The darker side of mestizaje

Those Brazilian scholars and their acolytes, who defend against any hint that racial inequality in Brazil might be an aspect of the racial state by saying that at least they do not classify races by hypo-descent as we truly unfair Americans do, really miss the point.

There really are not only differences in ways of classification but also whole other racial orders, such as the idea of “Latinity” which has a few vertientes. That is the really interesting point. And when “Spanish” is a race (as it was for Franco) that you can join by becoming a practicing Spaniard (sort of like a practicing Catholic), and that race is inclusive of various colors and origins, it becomes difficult to perceive other kinds of hierarchies.

An easier point to understand, at least for me, is that the Brazil/U.S. contrast is spurious and it is so for reasons I have not heard anyone else articulate: both countries recommend assimilation. In Brazil you can join mulatice or some other form of whiteness or non Blackness. In the United States you can integrate, which does not change your classification but does assimilate you.

My theory is that races are classified differently in different places, and racial meaning is differently formed; yet there is still a world system built around race that is one system, although complex and sometimes contradictory.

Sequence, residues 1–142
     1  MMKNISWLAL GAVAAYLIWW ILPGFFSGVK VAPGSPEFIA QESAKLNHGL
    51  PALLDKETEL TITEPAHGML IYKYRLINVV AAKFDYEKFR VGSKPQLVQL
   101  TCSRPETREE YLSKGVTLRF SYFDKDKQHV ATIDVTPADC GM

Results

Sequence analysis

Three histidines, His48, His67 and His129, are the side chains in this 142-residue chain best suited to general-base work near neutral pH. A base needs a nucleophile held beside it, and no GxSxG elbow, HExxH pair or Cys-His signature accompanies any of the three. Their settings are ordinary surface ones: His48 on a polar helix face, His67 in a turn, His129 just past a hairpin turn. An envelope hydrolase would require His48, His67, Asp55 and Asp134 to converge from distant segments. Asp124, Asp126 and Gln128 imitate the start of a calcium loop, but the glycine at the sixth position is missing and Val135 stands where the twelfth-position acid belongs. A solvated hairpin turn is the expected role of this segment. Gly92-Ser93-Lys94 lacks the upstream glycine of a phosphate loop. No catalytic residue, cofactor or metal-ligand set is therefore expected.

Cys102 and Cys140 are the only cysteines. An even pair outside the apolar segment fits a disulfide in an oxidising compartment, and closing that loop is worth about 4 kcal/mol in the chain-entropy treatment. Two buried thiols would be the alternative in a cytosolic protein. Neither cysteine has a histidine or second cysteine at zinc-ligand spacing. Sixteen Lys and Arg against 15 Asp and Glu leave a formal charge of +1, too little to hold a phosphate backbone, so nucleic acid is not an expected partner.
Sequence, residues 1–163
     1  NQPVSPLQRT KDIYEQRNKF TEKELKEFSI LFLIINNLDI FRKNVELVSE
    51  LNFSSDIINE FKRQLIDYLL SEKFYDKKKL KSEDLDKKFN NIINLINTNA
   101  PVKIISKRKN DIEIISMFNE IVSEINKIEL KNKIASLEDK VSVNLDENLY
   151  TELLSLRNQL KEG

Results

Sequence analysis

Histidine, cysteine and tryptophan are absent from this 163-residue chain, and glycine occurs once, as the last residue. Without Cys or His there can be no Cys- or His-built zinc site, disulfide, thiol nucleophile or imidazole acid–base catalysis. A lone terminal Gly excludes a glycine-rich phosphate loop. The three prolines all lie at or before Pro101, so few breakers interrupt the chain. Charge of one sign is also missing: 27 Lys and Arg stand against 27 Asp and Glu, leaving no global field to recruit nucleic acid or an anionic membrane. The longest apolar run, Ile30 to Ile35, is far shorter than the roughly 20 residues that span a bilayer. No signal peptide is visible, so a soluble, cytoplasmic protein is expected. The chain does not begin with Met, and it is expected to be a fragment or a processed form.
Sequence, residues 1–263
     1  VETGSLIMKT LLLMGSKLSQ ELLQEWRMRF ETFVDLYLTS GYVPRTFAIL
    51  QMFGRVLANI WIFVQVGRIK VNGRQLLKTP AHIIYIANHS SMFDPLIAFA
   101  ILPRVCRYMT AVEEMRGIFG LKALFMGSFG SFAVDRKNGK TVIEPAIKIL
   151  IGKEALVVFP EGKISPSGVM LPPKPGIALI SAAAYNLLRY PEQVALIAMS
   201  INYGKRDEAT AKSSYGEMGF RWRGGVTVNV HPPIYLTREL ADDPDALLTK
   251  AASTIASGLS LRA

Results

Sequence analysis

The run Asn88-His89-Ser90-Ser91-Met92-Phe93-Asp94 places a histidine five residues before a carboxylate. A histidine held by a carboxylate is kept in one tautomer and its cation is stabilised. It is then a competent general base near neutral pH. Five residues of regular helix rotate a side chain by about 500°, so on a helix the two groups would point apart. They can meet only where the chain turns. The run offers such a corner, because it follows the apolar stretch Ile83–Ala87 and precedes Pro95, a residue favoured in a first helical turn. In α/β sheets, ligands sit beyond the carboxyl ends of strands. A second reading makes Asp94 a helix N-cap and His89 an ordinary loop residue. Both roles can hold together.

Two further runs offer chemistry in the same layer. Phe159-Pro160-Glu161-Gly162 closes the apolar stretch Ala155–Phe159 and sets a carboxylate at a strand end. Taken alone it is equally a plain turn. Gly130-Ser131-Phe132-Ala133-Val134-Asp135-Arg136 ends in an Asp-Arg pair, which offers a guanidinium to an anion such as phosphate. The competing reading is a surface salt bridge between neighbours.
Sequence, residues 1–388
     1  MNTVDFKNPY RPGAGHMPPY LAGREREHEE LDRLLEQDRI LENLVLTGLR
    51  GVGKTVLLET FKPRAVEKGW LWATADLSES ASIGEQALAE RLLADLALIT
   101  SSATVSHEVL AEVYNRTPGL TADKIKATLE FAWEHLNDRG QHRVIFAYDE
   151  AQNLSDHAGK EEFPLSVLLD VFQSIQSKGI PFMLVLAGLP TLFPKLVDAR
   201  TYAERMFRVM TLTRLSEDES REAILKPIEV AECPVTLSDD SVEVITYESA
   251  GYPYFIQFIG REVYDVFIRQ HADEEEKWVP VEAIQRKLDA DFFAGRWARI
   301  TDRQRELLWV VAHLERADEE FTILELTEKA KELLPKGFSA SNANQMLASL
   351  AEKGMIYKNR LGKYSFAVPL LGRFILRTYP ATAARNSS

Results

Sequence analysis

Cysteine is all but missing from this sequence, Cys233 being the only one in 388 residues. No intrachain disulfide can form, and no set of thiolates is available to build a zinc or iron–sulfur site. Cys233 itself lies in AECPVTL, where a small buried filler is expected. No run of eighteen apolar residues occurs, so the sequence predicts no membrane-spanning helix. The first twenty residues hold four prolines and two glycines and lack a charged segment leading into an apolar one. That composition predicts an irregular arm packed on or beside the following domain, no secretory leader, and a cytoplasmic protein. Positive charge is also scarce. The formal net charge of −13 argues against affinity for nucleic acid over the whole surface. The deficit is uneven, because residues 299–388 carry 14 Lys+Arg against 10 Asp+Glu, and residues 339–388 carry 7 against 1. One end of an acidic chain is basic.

Filed under News, Questions, What Is A Scholar?

2 responses to “The darker side of mestizaje

  1. I recall a Brazilian ESL student, years back, telling me a proverb that she said covered race and class in Brazil (and no doubt other parts as well), “money makes the skin whiter.”

    Julie Kristeva’s Strangers to Ourselves (I think) addresses identity and cultural assimilation and might have some relevance here.

    • Z

      Brazil, yes, they do say that. One of the standard lines there is that inequality is based on class and not race. Kristeva, I will look!

Leave a Reply

Fill in your details below or click an icon to log in: Logo

You are commenting using your account. Log Out /  Change )

Google+ photo

You are commenting using your Google+ account. Log Out /  Change )

Twitter picture

You are commenting using your Twitter account. Log Out /  Change )

Facebook photo

You are commenting using your Facebook account. Log Out /  Change )


Connecting to %s